The US government will pay you up to $ 500,000 to develop a less annoying face mask



In the year before the pandemic, we saw a wide range of masks, from completely unsafe fashion pieces to RGB nightmares, not to mention a bunch of other stylish options. But if you think you might have an idea for a better mask that more people might want to wear, the U.S. Government's Biomedical Advanced Research and Development Administration (BARDA) has announced a competition to develop "the next generation of masks" - with a potential $ 500,000 total prize waiting for the winners.


The Mask Innovation Challenge was created in partnership with the National Institute for Occupational Safety and Health (NIOSH, an organization under the CDC) to address some common complaints leveled at masks, like the fact that they can fog glasses, irritate the skin, become uncomfortable to wear, get in the way of communication, and possibly let COVID-19 particles through the sides.


The competition will be held in two stages. The first stage, focused on "design", is divided into two tracks, one that looks at redesigning existing masks, and the other that focuses on new technologies and materials. The materials should include actual schematics for creating the proposed masks, which NIOSH says can be tested in the future. The first stage will produce up to 10 winners, each of whom will receive $ 10,000 to help build a prototype of their masks.


The second stage of the "proof of concept" will require the contestants to answer a hypothetical scenario with a completely new mask design, not based on any existing mask. The participants of the second stage will present physical prototypes of their masks for testing by NIOSH. Up to five winners of the second stage will share the total prize pool of $400,000. NIOSH and BARDA say that more information about the second stage will be available later.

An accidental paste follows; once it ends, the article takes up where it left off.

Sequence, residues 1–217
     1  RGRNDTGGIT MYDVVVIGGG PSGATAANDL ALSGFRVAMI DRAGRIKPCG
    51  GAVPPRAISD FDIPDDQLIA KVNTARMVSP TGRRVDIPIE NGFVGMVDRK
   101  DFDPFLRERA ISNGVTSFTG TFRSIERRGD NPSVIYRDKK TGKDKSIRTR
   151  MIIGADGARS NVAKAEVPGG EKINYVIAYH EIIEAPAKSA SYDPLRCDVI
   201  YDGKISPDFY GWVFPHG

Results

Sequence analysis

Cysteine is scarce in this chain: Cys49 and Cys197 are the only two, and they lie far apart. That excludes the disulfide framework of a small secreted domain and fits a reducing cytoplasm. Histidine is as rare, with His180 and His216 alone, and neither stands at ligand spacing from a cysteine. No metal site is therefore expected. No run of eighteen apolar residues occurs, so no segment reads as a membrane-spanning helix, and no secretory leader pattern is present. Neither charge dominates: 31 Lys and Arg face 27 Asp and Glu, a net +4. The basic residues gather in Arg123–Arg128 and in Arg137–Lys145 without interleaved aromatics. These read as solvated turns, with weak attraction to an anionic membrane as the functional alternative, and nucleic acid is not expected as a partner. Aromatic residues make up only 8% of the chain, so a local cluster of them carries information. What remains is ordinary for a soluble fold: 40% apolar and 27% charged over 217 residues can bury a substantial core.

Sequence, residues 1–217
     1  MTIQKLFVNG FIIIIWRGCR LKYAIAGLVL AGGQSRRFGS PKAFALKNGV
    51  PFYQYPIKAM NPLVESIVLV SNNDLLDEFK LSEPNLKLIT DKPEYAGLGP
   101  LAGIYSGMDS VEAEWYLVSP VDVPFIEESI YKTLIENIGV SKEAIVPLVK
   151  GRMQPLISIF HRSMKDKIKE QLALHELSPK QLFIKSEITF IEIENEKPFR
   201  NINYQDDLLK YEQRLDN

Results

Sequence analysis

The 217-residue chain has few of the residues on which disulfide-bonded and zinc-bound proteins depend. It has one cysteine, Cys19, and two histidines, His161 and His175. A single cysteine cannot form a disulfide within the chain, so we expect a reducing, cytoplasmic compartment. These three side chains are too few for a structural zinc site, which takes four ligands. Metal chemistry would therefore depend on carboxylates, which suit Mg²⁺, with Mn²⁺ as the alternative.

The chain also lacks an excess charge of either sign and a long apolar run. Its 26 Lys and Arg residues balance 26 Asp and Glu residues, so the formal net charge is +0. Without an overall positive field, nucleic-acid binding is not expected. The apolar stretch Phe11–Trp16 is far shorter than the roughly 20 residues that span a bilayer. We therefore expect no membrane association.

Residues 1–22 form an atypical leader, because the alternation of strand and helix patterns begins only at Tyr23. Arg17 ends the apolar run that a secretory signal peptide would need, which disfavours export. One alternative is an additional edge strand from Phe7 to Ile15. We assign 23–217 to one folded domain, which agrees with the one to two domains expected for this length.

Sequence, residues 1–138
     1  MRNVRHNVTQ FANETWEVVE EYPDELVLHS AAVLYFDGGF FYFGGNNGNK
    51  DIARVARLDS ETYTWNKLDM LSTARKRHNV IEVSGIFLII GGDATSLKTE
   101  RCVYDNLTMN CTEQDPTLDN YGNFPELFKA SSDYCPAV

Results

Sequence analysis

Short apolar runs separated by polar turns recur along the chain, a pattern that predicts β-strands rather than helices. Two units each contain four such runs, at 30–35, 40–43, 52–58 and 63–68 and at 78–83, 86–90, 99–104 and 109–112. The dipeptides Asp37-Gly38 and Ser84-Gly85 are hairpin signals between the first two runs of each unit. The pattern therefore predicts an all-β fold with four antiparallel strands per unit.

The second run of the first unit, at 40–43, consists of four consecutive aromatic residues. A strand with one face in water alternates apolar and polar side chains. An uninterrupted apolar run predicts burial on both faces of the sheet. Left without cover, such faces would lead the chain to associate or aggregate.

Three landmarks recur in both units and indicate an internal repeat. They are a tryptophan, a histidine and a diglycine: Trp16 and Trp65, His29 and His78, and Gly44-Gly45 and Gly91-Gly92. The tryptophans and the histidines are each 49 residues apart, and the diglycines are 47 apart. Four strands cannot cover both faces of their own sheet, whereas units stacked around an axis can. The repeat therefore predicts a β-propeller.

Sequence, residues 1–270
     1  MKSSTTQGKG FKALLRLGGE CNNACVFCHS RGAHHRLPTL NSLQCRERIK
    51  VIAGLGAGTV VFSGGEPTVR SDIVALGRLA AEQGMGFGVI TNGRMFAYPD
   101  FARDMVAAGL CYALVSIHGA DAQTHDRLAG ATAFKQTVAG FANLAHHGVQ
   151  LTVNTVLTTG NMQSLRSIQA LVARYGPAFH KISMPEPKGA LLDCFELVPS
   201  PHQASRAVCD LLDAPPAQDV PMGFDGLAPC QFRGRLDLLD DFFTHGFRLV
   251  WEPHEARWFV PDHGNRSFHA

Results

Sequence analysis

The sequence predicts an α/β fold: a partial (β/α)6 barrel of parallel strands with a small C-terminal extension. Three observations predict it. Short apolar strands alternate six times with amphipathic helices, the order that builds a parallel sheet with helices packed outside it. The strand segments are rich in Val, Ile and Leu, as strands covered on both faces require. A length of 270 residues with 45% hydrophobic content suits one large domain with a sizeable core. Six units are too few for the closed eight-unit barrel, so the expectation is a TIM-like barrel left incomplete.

Holding a design contest to find a" better " mask may produce some real solutions, but beyond that, I think it reflects the increasing role masks can play in our lives, even after most people are vaccinated. And that doesn't mean that the masks you may already own aren't effective; they are. There are really a few problems getting in the way of using the mask; addressing complaints in the mask design is one direction, but another big accessibility issue. Mask manufacturers are not yet able to consistently meet the demand.


For example, it's still not as easy as it should be to get N95s and KN95s, two frequently recommended masks that offer a step up in filtering out the fabric varieties. There's a lot at play here too; the long-term effects of offshoring the production of medical supplies have affected availability, but so has the shortage of key materials for making masks, like meltblown textiles. There is also a separate issue of fake masks. According to the CDC, about 60 percent of KN95s in the U.S. are not as effective at filtering out COVID-19 particles as their labels may indicate.


The Biden administration has embarked on plans to force the creation of more important pandemic supplies and ease some of these issues, but it's important to remember that creating a better mask is just one aspect of a much broader strategy. There is no guarantee more people will wear victory masks just because they don't fog their glasses.


The deadline for applying for the first stage of the mask Innovation Challenge is April 21.

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